Tuesday, March 17, 2015
The Chrysler Pavilion at the 1964/65 New York World's Fair would have been high on my list of "must do" attractions - and that is saying something, given the mind-boggling wonders that were there for the choosing.
In this first photo, you see the "Giant Animated Engine". Among the things guests would see when walking inside was a "…writhing, twisting, squirming dragon (he's enormous!) who drives three 8-foot pistons. They're animated too. Giant hands operate the engine valves. A monstrous 'spider' descend upon a hapless fly. Two huge paddles toss a ping-pong ball endlessly between them. These are just a few of the delightfully imaginative goings-on".
So basically, it was just like the engine in my car. Only a little bit bigger.
Here is a stylized 10-story rocket, continuously blasting off with a plume of water spray. Which is a pretty neat idea! The U.S. Space Program was going strong in 1964, with Project Gemini and Project Apollo in their early stages. "Stages"! A rocket pun!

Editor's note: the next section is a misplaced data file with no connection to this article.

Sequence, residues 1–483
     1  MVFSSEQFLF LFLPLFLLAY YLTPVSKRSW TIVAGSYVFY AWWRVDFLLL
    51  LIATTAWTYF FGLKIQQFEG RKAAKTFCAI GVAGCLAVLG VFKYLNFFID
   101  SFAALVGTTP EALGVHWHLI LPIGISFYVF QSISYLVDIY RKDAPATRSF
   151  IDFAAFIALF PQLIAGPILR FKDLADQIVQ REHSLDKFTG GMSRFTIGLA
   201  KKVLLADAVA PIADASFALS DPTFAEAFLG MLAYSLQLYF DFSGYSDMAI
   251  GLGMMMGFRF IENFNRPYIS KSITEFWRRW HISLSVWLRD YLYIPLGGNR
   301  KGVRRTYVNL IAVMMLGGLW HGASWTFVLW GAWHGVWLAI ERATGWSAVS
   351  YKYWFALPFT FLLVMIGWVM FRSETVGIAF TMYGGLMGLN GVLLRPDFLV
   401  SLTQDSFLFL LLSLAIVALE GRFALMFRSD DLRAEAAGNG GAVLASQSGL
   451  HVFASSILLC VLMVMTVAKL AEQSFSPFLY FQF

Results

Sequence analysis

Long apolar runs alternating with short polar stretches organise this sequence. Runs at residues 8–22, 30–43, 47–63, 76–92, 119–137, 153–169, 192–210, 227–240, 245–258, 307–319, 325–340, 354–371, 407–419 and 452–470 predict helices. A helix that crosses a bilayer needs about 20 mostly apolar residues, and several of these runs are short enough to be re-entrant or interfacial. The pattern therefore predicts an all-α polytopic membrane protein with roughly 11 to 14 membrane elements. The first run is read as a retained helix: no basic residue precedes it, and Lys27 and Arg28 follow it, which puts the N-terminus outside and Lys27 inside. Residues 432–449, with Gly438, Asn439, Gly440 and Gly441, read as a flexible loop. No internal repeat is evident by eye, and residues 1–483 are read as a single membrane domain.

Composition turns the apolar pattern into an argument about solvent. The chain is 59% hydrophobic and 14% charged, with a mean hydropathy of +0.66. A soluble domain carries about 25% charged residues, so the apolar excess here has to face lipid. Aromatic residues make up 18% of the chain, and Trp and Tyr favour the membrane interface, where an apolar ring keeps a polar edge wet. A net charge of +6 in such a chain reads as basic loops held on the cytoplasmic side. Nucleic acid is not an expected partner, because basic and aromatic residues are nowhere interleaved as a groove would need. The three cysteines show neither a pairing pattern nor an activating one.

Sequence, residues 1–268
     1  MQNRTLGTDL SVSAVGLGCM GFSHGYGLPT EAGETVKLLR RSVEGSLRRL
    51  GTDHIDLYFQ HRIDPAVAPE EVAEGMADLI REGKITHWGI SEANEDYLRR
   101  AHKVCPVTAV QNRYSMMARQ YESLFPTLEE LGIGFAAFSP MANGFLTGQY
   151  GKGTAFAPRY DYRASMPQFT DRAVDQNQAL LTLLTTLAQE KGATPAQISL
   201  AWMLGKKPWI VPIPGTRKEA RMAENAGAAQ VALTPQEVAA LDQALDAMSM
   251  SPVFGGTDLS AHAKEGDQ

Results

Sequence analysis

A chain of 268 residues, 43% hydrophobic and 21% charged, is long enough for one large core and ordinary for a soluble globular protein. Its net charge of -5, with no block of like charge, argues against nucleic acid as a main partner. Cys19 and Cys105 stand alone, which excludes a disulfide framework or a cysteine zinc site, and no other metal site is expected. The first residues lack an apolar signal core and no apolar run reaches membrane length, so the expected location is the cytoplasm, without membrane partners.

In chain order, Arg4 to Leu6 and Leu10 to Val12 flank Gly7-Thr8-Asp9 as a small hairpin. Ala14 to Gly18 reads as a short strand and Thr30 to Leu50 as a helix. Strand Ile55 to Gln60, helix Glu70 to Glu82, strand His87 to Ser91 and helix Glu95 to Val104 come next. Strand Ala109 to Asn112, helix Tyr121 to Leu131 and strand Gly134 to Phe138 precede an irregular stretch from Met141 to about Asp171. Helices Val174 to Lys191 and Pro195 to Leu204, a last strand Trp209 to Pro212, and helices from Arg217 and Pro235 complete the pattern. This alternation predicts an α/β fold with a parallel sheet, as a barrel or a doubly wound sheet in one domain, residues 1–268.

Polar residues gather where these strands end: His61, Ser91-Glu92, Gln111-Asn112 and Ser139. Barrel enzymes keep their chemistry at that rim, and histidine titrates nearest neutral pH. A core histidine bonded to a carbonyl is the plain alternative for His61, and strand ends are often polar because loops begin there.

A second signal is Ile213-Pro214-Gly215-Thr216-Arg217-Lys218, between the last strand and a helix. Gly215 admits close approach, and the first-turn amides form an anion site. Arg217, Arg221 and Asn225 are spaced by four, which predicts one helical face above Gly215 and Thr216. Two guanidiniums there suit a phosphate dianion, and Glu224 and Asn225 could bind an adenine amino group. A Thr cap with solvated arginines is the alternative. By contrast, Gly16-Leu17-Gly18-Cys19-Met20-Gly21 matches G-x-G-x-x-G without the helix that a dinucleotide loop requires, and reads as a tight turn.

Inside the pavilion's main building (the "Show-Go-Round"), a circular stage that rotated to reveal four different "phases", with four auditoriums that surrounded the stage so that the audience watches a different part of the show simultaneously. After watching a film, and then performances by Bil Baird's puppets (including "singing and dancing gaskets, dancing spark plugs, animated carburetors and living seat belts"), you would finally see an experimental car that was (according to the show) completely assembled by the puppets. I'm not sure if the man on the left is Bil Baird or not.
Sorry this one is a little blurry; from what I can glean, this automobile was an example of Chrysler's revolutionary Turbine Car (which used a rotating compressor that turned at nearly 45,000 rpm). It was the only turbine car that was tested by a few lucky consumers. You'll read more about it in a future post!
I hope that you have enjoyed your visit to the Chrysler Pavilion!